Book Image

Deep Reinforcement Learning with Python - Second Edition

By : Sudharsan Ravichandiran
Book Image

Deep Reinforcement Learning with Python - Second Edition

By: Sudharsan Ravichandiran

Overview of this book

With significant enhancements in the quality and quantity of algorithms in recent years, this second edition of Hands-On Reinforcement Learning with Python has been revamped into an example-rich guide to learning state-of-the-art reinforcement learning (RL) and deep RL algorithms with TensorFlow 2 and the OpenAI Gym toolkit. In addition to exploring RL basics and foundational concepts such as Bellman equation, Markov decision processes, and dynamic programming algorithms, this second edition dives deep into the full spectrum of value-based, policy-based, and actor-critic RL methods. It explores state-of-the-art algorithms such as DQN, TRPO, PPO and ACKTR, DDPG, TD3, and SAC in depth, demystifying the underlying math and demonstrating implementations through simple code examples. The book has several new chapters dedicated to new RL techniques, including distributional RL, imitation learning, inverse RL, and meta RL. You will learn to leverage stable baselines, an improvement of OpenAI’s baseline library, to effortlessly implement popular RL algorithms. The book concludes with an overview of promising approaches such as meta-learning and imagination augmented agents in research. By the end, you will become skilled in effectively employing RL and deep RL in your real-world projects.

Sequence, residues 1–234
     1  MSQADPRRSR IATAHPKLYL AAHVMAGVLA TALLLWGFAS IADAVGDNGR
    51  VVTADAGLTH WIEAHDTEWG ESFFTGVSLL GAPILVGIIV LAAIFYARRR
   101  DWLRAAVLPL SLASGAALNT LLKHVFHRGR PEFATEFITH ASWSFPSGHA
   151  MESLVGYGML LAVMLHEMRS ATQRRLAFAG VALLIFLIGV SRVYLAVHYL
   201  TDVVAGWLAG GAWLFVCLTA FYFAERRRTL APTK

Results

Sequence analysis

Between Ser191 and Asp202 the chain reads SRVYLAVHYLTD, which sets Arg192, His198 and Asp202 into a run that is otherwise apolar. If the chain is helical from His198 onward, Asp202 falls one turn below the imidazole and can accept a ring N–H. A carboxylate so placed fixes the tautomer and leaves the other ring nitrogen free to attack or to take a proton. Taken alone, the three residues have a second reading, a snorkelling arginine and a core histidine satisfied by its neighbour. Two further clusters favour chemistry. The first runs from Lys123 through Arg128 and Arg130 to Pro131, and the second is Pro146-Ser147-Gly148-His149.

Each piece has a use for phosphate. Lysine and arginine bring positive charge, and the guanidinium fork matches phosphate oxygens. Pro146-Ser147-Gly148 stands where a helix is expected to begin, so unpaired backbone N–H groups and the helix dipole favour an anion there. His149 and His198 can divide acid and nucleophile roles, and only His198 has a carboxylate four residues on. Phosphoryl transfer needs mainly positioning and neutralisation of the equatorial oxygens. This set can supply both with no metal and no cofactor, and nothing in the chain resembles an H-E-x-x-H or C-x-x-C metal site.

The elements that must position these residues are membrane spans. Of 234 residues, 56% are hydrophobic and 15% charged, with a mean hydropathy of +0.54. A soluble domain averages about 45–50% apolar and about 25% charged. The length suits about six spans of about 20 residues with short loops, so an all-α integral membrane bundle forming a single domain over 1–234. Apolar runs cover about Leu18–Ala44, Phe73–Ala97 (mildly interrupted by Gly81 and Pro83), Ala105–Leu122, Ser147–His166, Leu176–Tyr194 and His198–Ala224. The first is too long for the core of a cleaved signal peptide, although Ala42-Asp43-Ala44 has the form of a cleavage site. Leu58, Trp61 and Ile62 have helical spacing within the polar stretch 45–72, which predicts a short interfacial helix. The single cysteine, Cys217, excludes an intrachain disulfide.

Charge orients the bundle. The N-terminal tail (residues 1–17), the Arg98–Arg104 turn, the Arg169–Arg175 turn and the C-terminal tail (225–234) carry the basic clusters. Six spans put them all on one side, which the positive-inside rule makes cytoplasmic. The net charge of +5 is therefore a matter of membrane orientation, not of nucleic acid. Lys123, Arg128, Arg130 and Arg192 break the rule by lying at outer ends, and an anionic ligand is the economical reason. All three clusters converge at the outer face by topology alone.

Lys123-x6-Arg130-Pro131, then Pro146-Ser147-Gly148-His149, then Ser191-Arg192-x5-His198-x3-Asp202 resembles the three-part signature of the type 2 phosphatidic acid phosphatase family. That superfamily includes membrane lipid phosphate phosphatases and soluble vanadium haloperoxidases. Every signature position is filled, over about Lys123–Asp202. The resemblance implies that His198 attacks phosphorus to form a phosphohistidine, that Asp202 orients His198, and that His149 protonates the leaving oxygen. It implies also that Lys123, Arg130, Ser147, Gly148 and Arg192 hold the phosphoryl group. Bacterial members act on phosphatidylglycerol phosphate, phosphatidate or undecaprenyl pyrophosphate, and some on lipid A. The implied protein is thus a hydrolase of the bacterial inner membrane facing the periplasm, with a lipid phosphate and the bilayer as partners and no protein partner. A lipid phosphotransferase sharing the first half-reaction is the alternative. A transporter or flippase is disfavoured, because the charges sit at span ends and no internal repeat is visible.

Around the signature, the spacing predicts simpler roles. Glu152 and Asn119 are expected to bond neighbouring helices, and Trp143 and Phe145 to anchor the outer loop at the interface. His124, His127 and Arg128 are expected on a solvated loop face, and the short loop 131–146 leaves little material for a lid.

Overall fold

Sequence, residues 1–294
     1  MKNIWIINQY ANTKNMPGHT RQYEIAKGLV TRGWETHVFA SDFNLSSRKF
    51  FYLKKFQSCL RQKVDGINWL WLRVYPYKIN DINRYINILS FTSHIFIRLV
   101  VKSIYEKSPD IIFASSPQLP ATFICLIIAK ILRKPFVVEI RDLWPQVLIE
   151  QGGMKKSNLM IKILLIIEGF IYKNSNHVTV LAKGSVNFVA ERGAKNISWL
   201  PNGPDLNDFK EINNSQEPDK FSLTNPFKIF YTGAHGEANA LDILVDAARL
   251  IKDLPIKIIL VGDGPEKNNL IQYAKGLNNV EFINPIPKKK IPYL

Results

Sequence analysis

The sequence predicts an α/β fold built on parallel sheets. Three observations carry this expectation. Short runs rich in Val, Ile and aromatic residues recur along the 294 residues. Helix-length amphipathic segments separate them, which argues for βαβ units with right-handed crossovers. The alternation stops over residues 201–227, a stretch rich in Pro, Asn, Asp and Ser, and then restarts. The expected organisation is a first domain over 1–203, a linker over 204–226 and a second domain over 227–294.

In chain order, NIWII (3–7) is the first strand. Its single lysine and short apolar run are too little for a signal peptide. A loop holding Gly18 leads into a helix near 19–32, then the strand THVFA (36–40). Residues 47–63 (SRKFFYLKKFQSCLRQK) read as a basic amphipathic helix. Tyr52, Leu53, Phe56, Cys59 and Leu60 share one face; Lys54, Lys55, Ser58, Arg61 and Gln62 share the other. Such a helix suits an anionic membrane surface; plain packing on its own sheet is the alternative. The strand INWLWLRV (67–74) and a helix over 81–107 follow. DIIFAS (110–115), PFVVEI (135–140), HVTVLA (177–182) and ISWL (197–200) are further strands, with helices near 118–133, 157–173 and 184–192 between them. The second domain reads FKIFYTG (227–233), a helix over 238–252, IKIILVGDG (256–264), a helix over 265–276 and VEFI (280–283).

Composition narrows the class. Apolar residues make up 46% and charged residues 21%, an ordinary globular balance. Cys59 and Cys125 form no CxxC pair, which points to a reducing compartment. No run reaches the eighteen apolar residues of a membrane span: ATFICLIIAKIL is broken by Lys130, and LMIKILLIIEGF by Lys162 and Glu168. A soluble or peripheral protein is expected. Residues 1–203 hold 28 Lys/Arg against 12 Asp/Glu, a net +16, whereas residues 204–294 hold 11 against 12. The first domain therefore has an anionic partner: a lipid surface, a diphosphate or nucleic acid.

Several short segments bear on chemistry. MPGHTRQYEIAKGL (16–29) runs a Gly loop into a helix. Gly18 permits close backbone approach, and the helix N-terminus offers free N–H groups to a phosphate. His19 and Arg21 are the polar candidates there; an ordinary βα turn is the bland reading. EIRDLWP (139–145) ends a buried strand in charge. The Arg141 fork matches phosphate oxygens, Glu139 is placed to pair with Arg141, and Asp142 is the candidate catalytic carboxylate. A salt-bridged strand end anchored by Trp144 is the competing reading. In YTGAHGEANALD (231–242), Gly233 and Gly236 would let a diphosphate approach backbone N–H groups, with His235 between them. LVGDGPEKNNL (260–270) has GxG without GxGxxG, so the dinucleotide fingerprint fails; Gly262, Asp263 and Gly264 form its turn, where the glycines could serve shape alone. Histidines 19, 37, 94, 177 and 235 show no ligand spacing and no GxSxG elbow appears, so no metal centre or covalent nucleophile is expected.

Table of Contents (22 chapters)
Other Books You May Enjoy

How does an ANN learn?

If the cost or loss is very high, then it means that our network is not predicting the correct output. So, our objective is to minimize the cost function so that our neural network predictions will be better. How can we minimize the cost function? That is, how can we minimize the loss/cost? We learned that the neural network makes predictions using forward propagation. So, if we can change some values in the forward propagation, we can predict the correct output and minimize the loss. But what values can we change in the forward propagation? Obviously, we can't change input and output. We are now left with weights and bias values. Remember that we just initialized weight matrices randomly. Since the weights are random, they are not going to be perfect. Now, we will update these weight matrices (Wxh and Why) in such a way that our neural network gives a correct output. How do we update these weight matrices? Here comes a new technique called gradient...